I need more information. I have some additional issues since we last talked.

Hello again. Thank you for contacting me again. You can request me by putting To Legal Gems in front of the question, and as soon as I see it, I will respond. Thank you!
Customer: replied 4 years ago.

This is what is going on now. The attorney I had (note I said had Frown ) was very bad in the communications area. He works for a very noteworthy firm here in Baltimore. And I let him know I understood that. However, I emailed, called, and texted him numerous times over a period of 6 weeks after the court deadline. No response.. So finally I sent him a very firm but gentle email asking him if he had sufficient time to attend to my legal matters. I told him, if he did not, to please refer me to another attorney. Then I got a response. He apologized profusely. It was only then, six weeks after the deadline by which my brother was to have filed his accounting, per the court order, that he acted. What I wanted him to do was to file the petition immediately. However, he sent my brother's attorney an email giving him an additional week to submit an accounting. Otherwise, he would then file the petition to have him removed and seek sanctions. Well my brother did not respond to that either, by the deadlilne. However, a few days later, I guess at further prompting by my attorney, he submitted three Excel worksheets, without any supporting documentation. Additionally, they were inaccurate.


Next I told my attorney to file the petition. I supplied him with all the documentation to file it, and now three weeks have gone by. And again I could not get in touch with him. So, by this time, I am getting angry. So last week I sent him an email, because he was not responding to my calls or texts. I stated simply that if he could not have the petition filed by last Friday, to please refund the most recent deposit I had made, and that I would find another attorney. Well, I guess he was insulted by this, so he sent me an email, stating that upon further review, it was his conclusion that I had insufficient evidence to ask to have my brother removed.


Now my question is, if he thought that I did not have enough to move forward with the petition, why did he threaten the other attorney, and why did he take 3 weeks to tell me this?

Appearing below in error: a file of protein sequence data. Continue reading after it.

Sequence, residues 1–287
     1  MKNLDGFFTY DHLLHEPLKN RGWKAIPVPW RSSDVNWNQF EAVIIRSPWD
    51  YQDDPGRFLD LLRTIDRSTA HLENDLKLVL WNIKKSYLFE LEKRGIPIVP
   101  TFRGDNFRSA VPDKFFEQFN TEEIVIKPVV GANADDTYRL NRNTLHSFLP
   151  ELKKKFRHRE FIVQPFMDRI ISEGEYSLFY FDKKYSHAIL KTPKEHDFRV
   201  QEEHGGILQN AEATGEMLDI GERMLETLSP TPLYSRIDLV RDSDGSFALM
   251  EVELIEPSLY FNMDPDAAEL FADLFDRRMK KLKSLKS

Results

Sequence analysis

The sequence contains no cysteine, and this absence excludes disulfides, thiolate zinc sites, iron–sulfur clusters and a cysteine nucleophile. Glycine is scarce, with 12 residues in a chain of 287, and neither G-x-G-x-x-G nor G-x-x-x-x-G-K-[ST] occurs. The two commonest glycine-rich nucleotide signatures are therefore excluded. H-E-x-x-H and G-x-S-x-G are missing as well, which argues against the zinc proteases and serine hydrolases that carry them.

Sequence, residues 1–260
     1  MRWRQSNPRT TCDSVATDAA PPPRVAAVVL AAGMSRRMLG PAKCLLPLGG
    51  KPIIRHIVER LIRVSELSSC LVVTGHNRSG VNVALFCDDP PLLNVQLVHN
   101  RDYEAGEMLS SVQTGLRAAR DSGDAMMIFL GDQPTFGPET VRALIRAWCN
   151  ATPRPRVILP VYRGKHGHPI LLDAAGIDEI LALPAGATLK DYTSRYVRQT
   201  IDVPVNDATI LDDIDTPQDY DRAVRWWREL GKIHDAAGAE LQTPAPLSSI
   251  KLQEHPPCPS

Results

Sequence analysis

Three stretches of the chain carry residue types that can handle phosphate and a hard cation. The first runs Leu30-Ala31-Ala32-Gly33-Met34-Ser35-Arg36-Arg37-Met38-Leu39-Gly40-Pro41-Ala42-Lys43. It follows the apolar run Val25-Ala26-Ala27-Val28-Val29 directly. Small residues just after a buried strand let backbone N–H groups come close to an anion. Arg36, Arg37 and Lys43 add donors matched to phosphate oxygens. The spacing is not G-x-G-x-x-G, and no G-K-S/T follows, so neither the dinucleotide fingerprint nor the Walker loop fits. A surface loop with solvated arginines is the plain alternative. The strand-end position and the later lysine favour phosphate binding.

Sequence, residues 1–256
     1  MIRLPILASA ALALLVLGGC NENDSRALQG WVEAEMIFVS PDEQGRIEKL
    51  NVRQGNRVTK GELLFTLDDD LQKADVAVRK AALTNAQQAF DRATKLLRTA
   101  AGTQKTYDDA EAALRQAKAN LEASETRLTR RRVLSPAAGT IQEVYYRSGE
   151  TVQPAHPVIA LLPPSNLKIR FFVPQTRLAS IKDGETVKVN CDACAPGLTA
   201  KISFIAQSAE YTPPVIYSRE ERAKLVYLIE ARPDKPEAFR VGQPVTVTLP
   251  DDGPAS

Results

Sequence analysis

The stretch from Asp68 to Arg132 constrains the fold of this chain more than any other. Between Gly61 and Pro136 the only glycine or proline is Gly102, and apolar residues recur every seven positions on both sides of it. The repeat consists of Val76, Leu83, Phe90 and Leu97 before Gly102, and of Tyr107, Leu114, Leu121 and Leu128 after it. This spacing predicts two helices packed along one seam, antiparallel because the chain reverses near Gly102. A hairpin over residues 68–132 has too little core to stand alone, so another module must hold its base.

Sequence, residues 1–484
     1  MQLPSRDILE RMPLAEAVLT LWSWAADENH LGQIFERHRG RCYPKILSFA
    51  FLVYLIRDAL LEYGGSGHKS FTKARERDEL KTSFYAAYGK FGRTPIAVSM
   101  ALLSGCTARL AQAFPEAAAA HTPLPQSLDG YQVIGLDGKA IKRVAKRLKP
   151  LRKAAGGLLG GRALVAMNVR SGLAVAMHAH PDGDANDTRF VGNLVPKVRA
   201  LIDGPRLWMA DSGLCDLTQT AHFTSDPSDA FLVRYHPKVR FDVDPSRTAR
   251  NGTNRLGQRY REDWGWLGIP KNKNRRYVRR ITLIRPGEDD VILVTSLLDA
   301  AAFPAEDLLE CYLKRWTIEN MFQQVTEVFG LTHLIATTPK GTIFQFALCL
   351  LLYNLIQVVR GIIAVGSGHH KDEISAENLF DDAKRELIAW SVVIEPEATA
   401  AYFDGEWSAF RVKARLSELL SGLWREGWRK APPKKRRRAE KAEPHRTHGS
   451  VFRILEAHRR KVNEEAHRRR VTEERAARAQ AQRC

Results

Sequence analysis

Given the facts I have shared with you previously, do you still believe that I should move forward with filing the petition? Can you site the Maryland law/statute that would give grounds for his removal?



Hello again. Here is the statute which states that the trustee must provide an accounting.

Failure to comply with statutory obligations is a basis for removal based on case law.

I would strongly urge you to proceed with this, as generally a refusal to provide an accounting is a red flag.

I would also be concerned about your attorney's apparent lack of concern. You may want to get a refund of any unused retainer, and meet with a more ambitious attorney. I am sorry you are having difficulties with this. You may want to call your local area on aging to see if they provide referrals, as they generally have good working relationships with estate attorneys of a high caliber.

Customer: replied 4 years ago.

One last question. What is the accounting comprised of? Wha is the trustee required to provide under the law? Or in other words, is a mere Excel spreadsheet with figures good enough? Or does the trustee have to supply supporting documentation such as bank statements receipts, tax return, and/or any other official documents that support figures listed in his accounting?

Generally, an accounting is sufficient if it is an excel spreadsheet. However, if there is any indication of any wrongdoing/suspicion, it is completeley acceptable to request substantiate (ie copies of receipts). The only problem with this is that the trustee can hire a third party to put this in order, and bill the estate; so it is generally only requested when foul play is requested. But if you have any concerns, it is generally wise to request substantiation. If it ends up in court, the trustee will have to provide this information, as the court will not rely on an excel spreadsheet or other general summation of the accounting.